During the inspections, inspectors will:

  • Engage in a focussed discussion with primary school  pupils about their learning in Social Personal and Health Education (SPHE) and Stay Safe and with post-primary students about SPHE and Relationship and Sexuality Education (RSE). The written consent of parents and of post-primary students will be obtained in advance of the learners’      participation in focus groups with the inspectors
  • Invite all parents in the Initial Child Protection Inspection to complete an online parent survey that explores issues relevant to school climate and parents’ awareness of the school’s child      protection procedures, and the school’s anti-bullying procedures
  • Hold a meeting with members of the school’s parents’ association in the Final Child Protection  and Safeguarding Inspection
  • Hold meetings with:
    • The Designated Liaison Person (DLP) and/or Deputy Designated Liaison Person in the school
    • The Chairperson of board of management
    • A sample of school personnel
    • The teacher who is the coordinator for SPHE in the school (if relevant)
  • Review the following documents:
    • Board of management minutes
    • The school’s Child Safeguarding Statement and Risk Assessment
    • Relevant school plans, monthly progress records (primary) and timetable data (post-primary
  • Review child protection records

Following the inspection:

  • Each inspection will result in oral feedback to relevant school personnel and a written report on the inspection findings which will outline the level of school compliance with each of the ten overarching checks.
  • All Child Protection and Safeguarding Inspection reports, from both the Initial Inspection and Final Inspections will be published on the website of the Department of Education and Skills.

Teacher and School Leader Training in relation to child protection

The Professional Development Service for Teachers (PDST) commenced a comprehensive programme of support for teachers and school leaders for the implementation of the  Child Protection Procedures for Primary and Post-Primary Schools 2017 in March 2018.This comprises two eLearning Programmes targeting a) all school personnel (a 90 minute eLearning programme that supports teachers in understanding their role as mandated persons, relevant legislation, the role of Designated Liaison Persons, reporting and recording and handling a disclosure) and b) all Designated Liaison Persons (DLPs) and Deputy Designated Liaison Persons (DDLPs) (a 90 minute eLearning programme on preparing the Risk Assessment and Safeguarding Statement, as well as the oversight role of the board of management). These eLearning programmes continue to be available through English and Irish on www.pdst.ie.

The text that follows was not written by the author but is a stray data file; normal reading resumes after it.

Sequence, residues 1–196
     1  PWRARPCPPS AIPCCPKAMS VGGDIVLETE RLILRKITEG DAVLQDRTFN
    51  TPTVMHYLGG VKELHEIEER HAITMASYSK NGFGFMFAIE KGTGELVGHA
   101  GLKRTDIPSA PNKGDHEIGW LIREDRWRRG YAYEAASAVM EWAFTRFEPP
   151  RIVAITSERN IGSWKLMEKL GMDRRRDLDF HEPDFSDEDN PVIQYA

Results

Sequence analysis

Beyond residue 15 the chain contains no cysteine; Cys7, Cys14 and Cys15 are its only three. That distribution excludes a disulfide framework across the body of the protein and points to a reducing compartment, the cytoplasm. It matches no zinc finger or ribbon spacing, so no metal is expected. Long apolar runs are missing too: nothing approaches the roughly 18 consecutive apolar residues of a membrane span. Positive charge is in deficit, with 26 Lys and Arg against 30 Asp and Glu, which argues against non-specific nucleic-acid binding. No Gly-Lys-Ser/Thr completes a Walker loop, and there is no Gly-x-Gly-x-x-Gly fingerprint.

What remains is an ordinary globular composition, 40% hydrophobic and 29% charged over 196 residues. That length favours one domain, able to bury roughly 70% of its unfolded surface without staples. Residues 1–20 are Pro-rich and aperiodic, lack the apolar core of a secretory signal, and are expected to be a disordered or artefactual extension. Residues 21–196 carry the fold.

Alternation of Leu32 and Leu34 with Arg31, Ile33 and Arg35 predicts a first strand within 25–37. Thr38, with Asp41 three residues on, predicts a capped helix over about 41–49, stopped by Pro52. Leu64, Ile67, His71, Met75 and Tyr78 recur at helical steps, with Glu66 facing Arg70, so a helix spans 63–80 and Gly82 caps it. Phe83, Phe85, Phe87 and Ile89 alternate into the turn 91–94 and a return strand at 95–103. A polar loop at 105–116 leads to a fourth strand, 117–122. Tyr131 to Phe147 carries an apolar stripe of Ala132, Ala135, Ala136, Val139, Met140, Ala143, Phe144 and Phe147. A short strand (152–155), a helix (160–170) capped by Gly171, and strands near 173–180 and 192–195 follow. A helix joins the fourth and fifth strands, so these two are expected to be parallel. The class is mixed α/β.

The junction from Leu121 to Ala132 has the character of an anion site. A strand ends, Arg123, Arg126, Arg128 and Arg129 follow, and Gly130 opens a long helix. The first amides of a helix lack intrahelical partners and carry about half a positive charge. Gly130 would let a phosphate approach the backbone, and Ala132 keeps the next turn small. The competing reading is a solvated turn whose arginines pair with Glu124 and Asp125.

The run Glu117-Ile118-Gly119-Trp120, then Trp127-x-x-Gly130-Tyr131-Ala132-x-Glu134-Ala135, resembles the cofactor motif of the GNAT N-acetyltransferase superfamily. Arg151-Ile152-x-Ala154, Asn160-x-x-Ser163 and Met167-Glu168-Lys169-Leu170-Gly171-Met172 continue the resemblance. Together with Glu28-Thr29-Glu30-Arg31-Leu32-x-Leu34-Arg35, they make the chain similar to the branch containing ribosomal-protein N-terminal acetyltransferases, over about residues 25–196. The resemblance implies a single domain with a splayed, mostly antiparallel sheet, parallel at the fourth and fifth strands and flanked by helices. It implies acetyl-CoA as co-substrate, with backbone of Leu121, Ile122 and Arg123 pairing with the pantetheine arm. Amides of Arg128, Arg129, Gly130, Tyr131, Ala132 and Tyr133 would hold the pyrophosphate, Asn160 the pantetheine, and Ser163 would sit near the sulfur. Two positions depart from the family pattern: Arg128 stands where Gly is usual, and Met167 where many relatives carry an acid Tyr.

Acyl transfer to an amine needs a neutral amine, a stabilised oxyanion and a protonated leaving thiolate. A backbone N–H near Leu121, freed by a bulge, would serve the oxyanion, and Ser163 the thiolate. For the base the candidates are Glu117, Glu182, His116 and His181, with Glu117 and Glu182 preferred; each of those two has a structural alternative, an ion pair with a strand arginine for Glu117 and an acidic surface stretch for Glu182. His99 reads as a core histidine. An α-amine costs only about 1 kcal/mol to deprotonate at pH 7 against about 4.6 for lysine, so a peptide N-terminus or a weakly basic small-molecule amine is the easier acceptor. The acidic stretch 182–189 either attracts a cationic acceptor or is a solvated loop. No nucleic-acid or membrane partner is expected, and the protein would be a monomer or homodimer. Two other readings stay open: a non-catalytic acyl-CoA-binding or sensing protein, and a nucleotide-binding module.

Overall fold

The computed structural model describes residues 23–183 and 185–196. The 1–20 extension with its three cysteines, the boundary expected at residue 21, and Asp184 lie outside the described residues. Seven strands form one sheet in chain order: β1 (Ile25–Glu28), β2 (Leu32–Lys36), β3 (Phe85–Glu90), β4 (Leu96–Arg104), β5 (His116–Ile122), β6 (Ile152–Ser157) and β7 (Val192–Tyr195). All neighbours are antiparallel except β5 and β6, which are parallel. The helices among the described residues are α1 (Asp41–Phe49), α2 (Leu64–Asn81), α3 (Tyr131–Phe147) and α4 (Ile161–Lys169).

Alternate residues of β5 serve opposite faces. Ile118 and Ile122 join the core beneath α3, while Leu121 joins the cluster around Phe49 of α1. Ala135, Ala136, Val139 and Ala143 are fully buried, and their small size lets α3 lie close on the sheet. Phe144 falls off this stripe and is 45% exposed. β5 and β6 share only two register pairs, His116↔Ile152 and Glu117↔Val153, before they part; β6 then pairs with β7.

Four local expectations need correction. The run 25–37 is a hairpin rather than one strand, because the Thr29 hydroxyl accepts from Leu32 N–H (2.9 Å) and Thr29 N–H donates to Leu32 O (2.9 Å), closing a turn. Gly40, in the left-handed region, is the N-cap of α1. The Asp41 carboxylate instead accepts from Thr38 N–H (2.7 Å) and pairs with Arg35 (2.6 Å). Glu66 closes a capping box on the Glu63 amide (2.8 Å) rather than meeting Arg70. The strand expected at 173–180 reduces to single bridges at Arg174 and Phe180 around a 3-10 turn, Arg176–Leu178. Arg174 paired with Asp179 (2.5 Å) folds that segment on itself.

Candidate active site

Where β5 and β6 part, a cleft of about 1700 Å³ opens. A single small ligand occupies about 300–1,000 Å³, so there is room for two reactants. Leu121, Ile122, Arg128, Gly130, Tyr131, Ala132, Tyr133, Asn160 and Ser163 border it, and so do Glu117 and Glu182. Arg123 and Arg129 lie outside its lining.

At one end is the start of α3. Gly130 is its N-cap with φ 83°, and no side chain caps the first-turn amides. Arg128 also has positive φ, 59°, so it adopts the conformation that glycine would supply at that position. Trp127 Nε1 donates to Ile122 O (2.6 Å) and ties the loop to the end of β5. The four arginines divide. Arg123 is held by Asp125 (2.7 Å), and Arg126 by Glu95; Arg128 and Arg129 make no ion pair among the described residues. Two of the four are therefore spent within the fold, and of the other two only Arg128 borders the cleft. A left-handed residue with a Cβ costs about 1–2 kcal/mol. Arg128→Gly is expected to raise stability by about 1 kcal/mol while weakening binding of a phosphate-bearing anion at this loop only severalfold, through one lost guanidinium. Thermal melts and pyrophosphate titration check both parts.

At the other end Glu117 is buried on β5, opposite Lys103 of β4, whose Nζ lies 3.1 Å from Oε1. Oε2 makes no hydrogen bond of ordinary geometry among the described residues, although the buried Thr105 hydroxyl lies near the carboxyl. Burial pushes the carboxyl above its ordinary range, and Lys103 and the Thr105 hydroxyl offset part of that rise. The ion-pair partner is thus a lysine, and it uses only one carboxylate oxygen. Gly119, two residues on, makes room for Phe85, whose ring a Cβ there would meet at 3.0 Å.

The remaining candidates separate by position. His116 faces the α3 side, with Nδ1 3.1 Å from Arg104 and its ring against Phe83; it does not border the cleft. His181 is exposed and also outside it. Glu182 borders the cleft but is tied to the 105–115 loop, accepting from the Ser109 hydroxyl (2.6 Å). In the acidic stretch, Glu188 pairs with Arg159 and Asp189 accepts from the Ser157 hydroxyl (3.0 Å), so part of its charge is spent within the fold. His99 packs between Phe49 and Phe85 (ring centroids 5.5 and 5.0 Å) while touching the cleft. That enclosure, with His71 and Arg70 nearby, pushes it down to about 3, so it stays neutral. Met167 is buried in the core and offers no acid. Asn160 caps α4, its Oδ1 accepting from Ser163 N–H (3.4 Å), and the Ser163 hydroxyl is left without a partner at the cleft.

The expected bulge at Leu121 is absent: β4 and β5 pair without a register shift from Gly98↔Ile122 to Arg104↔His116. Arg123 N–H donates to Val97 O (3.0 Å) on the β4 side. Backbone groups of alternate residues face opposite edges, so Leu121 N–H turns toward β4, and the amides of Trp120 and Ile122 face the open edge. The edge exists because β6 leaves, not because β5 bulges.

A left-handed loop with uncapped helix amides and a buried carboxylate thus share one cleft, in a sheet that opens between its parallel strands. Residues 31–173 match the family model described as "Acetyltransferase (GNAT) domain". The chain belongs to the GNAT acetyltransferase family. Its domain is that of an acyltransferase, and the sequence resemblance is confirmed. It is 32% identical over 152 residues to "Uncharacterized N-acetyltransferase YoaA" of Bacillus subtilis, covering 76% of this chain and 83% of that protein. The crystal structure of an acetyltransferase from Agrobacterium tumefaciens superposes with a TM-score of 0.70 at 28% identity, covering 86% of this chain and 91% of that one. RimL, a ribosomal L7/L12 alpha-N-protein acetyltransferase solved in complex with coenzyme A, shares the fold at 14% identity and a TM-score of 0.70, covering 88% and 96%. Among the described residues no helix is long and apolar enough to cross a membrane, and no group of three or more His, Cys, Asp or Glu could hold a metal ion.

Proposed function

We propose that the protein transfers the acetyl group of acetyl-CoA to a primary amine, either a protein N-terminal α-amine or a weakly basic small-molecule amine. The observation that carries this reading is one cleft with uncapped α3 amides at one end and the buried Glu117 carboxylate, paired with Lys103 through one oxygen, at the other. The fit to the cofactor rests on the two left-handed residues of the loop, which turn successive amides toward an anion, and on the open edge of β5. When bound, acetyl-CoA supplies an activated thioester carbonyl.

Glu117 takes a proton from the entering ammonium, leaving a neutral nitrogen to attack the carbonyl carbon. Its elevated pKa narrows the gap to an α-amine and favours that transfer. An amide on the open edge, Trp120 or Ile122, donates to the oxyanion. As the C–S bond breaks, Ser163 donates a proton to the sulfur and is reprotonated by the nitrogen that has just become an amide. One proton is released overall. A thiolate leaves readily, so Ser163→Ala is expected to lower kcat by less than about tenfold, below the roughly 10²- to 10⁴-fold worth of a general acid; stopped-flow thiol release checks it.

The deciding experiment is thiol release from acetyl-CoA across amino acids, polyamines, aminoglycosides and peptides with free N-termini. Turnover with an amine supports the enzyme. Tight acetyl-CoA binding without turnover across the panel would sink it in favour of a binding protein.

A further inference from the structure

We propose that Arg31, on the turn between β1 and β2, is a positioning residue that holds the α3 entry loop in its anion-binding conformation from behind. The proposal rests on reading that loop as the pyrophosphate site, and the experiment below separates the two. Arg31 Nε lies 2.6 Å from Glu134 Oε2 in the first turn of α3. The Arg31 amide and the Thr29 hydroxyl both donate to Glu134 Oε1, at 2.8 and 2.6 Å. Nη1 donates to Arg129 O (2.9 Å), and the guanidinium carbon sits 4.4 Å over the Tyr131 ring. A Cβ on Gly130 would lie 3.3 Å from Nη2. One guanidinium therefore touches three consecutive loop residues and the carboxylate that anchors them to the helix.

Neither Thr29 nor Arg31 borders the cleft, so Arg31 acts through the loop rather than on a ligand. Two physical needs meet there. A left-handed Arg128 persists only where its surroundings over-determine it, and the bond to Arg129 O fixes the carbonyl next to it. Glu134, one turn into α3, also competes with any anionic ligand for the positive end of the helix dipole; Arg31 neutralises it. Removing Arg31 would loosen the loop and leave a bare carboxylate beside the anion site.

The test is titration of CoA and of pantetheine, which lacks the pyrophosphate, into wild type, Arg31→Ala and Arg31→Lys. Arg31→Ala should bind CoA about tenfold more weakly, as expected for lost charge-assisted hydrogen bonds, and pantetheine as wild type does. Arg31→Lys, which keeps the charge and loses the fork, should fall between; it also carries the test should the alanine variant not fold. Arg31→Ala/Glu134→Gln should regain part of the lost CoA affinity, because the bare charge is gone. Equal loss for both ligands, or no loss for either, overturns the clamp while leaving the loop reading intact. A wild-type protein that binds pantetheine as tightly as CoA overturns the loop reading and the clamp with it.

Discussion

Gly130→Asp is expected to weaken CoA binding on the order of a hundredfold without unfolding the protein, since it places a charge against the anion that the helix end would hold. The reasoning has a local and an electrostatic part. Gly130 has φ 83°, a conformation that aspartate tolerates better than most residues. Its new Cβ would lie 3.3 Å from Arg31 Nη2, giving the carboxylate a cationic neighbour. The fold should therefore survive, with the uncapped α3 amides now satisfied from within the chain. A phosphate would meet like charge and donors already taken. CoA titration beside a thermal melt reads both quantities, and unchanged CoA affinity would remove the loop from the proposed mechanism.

In addition, full day seminars for all Designated Liaison Persons (DLPs) and Deputy Designated Liaison Persons (DDLPs) were held throughout 2018. These seminars provide support in understanding the legislation, the role of DLPs and DDLPs, curricular provision, the role of mandated persons and oversight by boards of management. These full day seminars continue to be available for all newly appointed DLPs and DDLPs.

PDST also continue to offer support to teachers through workshops and seminars on the curricular provision for SPHE and Child Protection: 

  • Primary: Stay Safe workshops
  • Post-Primary: Junior Cycle Personal Safety: A one day seminar that supports teachers of SPHE in teaching personal safety in the context of Child Protection. This is a core aspect of the Junior Cycle Social Personal and Health Education (SPHE) Curriculum.
  • Post-Primary Senior Cycle Personal Safety: A two-day seminar. 

Schools can also request further support through PDST system of in-school support in a variety of areas including Stay Safe, Child Protection, teaching and learning in SPHE, LGBT, Relationships and Sexuality Education (RSE) and Anti-Bullying.

The PDST programme of support will continue to be reviewed on an ongoing basis to ensure that it addresses any support needs arising in this area.